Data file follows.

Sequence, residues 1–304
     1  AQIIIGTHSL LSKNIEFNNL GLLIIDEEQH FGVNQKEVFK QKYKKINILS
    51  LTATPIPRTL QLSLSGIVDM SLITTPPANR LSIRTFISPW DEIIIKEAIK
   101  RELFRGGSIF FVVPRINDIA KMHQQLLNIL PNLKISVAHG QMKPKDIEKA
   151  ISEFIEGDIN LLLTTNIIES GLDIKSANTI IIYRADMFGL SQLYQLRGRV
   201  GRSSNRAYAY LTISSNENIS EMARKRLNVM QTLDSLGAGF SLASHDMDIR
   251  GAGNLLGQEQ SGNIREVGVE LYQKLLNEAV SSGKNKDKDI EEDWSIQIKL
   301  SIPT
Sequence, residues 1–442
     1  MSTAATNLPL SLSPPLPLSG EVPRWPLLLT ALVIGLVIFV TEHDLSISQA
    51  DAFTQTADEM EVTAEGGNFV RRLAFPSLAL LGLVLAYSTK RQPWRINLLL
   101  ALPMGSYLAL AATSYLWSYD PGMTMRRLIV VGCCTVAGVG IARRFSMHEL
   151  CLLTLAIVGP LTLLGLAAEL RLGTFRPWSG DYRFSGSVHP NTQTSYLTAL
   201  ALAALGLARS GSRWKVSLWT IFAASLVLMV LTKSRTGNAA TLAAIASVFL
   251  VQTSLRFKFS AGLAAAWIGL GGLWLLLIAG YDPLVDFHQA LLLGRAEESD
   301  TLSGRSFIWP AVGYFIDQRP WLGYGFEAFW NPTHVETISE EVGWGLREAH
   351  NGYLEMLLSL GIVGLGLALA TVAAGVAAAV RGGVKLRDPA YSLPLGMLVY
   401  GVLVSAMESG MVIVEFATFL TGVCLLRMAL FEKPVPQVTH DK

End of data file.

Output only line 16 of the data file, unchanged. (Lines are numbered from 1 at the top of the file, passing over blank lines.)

   301  TLSGRSFIWP AVGYFIDQRP WLGYGFEAFW NPTHVETISE EVGWGLREAH